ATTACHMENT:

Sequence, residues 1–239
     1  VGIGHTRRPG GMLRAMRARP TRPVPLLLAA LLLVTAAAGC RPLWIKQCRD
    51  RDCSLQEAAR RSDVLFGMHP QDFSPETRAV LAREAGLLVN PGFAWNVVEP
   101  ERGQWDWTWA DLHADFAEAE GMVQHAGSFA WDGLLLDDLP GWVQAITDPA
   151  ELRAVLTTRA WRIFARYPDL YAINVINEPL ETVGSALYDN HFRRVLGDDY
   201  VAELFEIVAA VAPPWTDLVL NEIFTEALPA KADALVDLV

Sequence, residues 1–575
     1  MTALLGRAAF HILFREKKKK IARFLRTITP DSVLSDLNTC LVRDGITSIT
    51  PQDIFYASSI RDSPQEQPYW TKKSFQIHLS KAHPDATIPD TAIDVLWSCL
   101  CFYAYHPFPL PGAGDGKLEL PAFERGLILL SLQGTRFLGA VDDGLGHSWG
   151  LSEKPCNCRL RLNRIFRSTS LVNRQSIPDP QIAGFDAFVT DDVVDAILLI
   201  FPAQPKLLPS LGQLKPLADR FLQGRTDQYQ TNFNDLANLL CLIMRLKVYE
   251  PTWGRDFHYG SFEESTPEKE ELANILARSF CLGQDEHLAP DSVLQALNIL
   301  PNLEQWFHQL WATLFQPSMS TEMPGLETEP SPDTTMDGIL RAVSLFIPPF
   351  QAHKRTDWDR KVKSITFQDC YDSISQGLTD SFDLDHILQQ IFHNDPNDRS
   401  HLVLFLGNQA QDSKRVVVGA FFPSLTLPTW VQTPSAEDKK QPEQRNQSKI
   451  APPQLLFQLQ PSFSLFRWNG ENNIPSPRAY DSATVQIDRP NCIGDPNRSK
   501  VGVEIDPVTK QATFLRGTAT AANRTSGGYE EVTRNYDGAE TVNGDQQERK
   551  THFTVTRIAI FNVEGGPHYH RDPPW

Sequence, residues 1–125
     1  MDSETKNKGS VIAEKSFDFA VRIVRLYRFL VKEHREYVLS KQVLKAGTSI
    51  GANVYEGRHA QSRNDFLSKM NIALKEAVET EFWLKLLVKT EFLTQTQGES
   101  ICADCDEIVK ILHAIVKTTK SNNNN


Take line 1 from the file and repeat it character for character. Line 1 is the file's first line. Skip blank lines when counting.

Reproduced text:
Sequence, residues 1–239